If you can’t find your ball, be mindful of how much time you’re taking to look for it. You can enlist your playing partners’ help in finding your ball. A good rule of thumb is if you have not found your ball after five minutes of searching, you take a one-stroke penalty and play another shot from as close as possible to the spot you last played from. To help you when searching, mark your golf ball before your round. You can use a sharpie and either write your initials or draw a dot or symbol that’s easily identifiable to you. You’re likely going to encounter other balls, so this is an easy way to identify your ball.
It’s easy to feel intimidated when it comes to golf etiquette, but it’s something you’ll become more familiar with the more you play. Still, there are a few fundamentals that are worth noting.
Play ready golf. This doesn’t mean rushing your shot but you also shouldn’t take multiple practice swings for every shot. Pace of play around a golf course is very important to golfers, so maintaining at least a half a hole gap between your group and the one in front and behind you is a good rule of thumb.
Honor is very important when determining who plays when. Typically, the person with the best score on the previous hole will tee off first. From there, the player furthest from the tee, or “away”, will hit next. So on and so forth until you hole out on the green. Communication is key when playing with others, so you know who is getting ready to hit their shot.
Keep an eye on your shot. Even the most seasoned golfer will have a shot get away from them from time to time. If a shot of yours has the possibility of hitting another person on the course, it is your responsibility to alert them. Yelling “Fore!” is completely acceptable if you are warning other golfers of a ball in their vicinity; the key here is to yell right away so you give the golfers time to move away.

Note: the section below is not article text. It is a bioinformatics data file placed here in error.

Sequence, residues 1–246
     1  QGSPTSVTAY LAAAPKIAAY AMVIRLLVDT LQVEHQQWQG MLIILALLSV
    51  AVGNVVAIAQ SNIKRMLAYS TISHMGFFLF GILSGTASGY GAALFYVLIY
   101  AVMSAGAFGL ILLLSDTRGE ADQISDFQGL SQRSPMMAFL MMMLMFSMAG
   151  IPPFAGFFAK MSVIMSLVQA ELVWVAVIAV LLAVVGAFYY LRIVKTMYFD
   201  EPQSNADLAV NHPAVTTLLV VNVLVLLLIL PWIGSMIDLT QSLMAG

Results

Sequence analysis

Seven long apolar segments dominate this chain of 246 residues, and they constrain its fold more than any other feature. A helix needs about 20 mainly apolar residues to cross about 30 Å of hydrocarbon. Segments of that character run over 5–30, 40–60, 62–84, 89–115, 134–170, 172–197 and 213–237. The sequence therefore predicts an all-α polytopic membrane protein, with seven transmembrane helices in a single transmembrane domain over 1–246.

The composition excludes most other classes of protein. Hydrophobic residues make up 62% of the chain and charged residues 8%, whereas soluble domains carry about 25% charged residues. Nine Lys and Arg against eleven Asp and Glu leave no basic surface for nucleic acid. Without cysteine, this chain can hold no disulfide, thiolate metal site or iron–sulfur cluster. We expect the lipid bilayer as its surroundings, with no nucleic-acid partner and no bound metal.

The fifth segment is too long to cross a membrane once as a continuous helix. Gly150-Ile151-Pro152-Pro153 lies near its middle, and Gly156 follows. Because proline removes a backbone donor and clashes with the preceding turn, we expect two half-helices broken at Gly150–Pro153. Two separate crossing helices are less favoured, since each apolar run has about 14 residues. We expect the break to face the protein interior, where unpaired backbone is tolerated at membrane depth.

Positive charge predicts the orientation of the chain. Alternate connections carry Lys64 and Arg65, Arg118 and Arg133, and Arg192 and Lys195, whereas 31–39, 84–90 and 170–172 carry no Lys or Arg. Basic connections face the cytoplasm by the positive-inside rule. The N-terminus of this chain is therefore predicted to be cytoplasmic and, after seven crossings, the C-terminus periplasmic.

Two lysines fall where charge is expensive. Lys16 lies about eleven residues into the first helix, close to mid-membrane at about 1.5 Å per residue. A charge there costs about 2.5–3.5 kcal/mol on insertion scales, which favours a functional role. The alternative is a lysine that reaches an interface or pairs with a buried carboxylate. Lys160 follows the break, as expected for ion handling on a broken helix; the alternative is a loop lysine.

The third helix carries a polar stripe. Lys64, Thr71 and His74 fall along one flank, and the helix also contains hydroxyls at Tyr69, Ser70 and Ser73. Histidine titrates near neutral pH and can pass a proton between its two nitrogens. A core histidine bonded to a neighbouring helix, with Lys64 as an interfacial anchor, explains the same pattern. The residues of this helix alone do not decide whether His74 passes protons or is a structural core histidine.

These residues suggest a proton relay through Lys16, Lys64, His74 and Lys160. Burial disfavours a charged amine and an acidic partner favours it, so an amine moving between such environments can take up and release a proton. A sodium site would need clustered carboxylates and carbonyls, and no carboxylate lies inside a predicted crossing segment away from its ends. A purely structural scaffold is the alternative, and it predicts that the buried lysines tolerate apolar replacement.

Take Care of the Golf Course
Golf courses are beautiful, and it is up to players to help keep it that way. If you are renting a golf cart for your round, be mindful of all signage and cart paths. Never drive your golf cart up on the putting green. When hitting your shot, if you take a chunk of turf out with your shot, known as a divot, you should fix it. This varies by golf course - you may just need to replace the divot by carefully placing the piece that came out back into the spot or you may need to fill the hole with sand. If you’re unsure what a particular golf course requires, ask before heading out on your round.
Be sure to rake the bunker if you hit a shot into the sand. When your approach shot hits the green, you will also likely leave a mark on the green. You’ll need to fix this. Your playing partners or golf course staff can easily show you how to do this so you don’t further damage the green. The key will all of these is to try and keep the course as beautiful as you found it for the next golfer.
What to Wear
Knowing what to wear on the golf course goes beyond simply making a fashion statement. Oftentimes, clubs have a dress code of some sort that they enforce. If you’re ever in doubt, it’s best to either call ahead or check a club’s website to know what the expectations are.
A good staple of any golfer’s closet is a collared shirt. Oftentimes, clubs will prohibit t-shirts or spaghetti strap tops, so a collared shirt is a safe bet. Depending on where you live or are playing you may want to consider a shirt made with moisture-wicking material; this will help keep you dry on those hot days.
The types of bottoms you can wear depending on the club. Jeans, yoga pants, cargo pants or sweatpants, are not typically allowed, instead, opt for a khaki or technical material. Similar to your top, you’ll want this material to also be breathable and comfortable. Shorts, skirts, pants, or dresses are great options to consider.
Dress for the Weather
Bring your accessories and dress for the weather. If you’re heading out for a round of golf on a sunny day, you’ll want some type of headwear and sunglasses. When it comes to sunglasses, be sure the lenses block UVA and UVB rays and the sunglasses wrap around your eyes to over complete coverage. If it looks like you’re heading out on a rainy day, pack a rain jacket and a dry towel.
You may be tempted to go out and buy golf shoes, however, sneakers are just as acceptable for beginners. You will want to stay as level with the ground as possible, so running shoes may not be the best option since they tend to have too much cushion under the heel of your foot.
In addition to all your attire, it’s also important to pack some sunblock. Whenever spending ample amounts of time in the sun, it is vital to apply sunblock with an SPF of at least 30. Spray sunblock’s make for easy reapplication.